A variant of traditional realism

  1. If a scientific theory 'X' generates correct novel predictions, then theory 'X' is true.
  2. Scientific theory 'X' generates novel predictions.
  3. Therefore, scientific theory 'X' is true.


Musgrave's realism

  1. If a scientific theory 'X' generates correct novel predictions, then it is reasonable to believe that theory 'X' is true.
  2. Scientific theory 'X' generates novel predictions.
  3. Therefore, it is reasonable to believe that scientific theory 'X' is true.

In the latter argument, premise 1) is still highly controversial, but it has been argued to be less so than premise 1) of the former argument. He argues for the latter premises 1) with such things as the Miracle Argument and novel predictions (above). In this way, he tries to do away with many sceptical objections about realism: he is no more wrong to believe in a theory's truth than an instrumentalist is to believe in a theory's usefulness, but that alone neither justifies nor warrants his claim that the theory is true. Both philosophers have the same chance of being wrong; and, with scientific realism, Musgrave also receives an explanation of events that the instrumentalist does not have. He often says that instrumentalists say the name of the game is "saving the phenomena," but he sees no reason that it should not also be "explaining the phenomena."

As for criticism of premise 1) in the latter argument, anti-realists point out that such a principle can only be justified through circular reasoning. For instance, to arrive at justification of 1), the best one can do is argue that this principle has escaped serious criticism and therefore is reasonable to accept. But why should one accept the corollary principle of "a principle that has escaped serious criticism is reasonable to accept"? The reply is that it itself is a principle that has escaped serious criticism. This boot-strapping is an unavoidable consequence of Musgrave's Critical Rationalism. Musgrave openly admits the circularity of his view, however he is quick to point out that anti-realism has nothing better to offer, and indeed, that not all circles are so vicious.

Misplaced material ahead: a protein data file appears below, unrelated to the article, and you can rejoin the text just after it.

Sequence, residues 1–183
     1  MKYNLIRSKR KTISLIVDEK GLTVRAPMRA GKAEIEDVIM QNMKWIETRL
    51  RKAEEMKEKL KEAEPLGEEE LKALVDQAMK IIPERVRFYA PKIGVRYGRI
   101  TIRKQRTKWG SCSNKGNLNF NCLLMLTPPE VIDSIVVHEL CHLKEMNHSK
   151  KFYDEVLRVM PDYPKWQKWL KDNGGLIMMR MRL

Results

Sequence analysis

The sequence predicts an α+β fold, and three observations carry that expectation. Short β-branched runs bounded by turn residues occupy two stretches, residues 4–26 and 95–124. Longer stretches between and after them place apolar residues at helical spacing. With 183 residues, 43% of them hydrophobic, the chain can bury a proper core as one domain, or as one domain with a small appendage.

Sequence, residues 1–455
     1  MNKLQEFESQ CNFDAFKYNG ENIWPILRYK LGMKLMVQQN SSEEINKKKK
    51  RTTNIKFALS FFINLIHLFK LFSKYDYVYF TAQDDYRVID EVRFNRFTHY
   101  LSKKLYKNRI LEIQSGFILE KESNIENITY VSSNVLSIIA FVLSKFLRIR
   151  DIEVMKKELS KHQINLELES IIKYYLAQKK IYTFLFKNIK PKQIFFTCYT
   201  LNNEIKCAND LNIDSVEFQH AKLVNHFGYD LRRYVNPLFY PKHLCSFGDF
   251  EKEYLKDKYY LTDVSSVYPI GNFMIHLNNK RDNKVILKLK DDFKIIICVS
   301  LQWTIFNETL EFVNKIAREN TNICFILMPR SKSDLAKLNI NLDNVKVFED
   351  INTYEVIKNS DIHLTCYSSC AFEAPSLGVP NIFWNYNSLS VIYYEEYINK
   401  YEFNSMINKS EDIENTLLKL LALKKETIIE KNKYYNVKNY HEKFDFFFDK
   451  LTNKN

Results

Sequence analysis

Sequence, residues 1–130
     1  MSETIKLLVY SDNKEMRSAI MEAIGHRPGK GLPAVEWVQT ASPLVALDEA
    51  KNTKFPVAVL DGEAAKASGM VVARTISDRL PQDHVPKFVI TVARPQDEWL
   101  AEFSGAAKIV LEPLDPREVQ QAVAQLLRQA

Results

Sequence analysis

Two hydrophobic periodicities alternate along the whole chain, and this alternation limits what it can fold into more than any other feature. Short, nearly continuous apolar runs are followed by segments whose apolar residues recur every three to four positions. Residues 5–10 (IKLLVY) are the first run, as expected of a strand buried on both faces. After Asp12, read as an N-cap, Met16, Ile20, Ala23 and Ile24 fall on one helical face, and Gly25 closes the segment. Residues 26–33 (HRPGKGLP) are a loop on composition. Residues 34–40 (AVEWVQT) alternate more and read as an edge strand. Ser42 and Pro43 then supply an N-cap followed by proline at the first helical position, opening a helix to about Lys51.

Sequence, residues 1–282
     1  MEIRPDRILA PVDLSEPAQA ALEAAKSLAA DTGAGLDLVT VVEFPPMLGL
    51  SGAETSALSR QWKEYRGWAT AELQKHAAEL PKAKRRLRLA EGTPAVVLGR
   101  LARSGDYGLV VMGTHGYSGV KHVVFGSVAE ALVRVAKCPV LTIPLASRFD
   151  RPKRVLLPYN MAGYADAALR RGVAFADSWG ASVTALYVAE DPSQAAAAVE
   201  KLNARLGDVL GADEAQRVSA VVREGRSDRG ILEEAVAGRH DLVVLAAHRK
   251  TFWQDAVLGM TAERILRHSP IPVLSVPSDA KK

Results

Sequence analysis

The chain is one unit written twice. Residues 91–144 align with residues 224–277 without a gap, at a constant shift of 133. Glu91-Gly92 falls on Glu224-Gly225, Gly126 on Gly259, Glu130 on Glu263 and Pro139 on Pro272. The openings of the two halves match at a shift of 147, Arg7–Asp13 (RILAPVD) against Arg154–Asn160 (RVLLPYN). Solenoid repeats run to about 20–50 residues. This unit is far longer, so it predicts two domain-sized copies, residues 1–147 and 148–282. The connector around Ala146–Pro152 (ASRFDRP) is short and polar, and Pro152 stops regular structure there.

Musgrave's arguments are presented in his book Essays on Realism and Rationalism, in which he also attacks the most prominent anti-realist views, including those of Nancy Cartwright and those of Bas Van Fraassen.

Other information

Musgrave also strongly argues against all major forms of philosophical Idealism. This is echoed by the History page of the Otago Philosophy Department[4] where the Department makes note of Musgrave's memorable presentation of his forceful paper "Conceptual Idealism and Stove’s Gem" at Florence.


  1. ^ "Otago Philosophy – Alan Musgrave". University of Otago. Retrieved 30 June 2008. 
  2. ^ "Otago Philosophy – Musgrave Scholarship". University of Otago. Archived from the original on 23 May 2010. Retrieved 26 April 2010. 
  3. ^ "University of Otago – Campus news". University of Otago. Retrieved 13 October 2012. 
  4. ^ "Philosophical History: The Otago Department"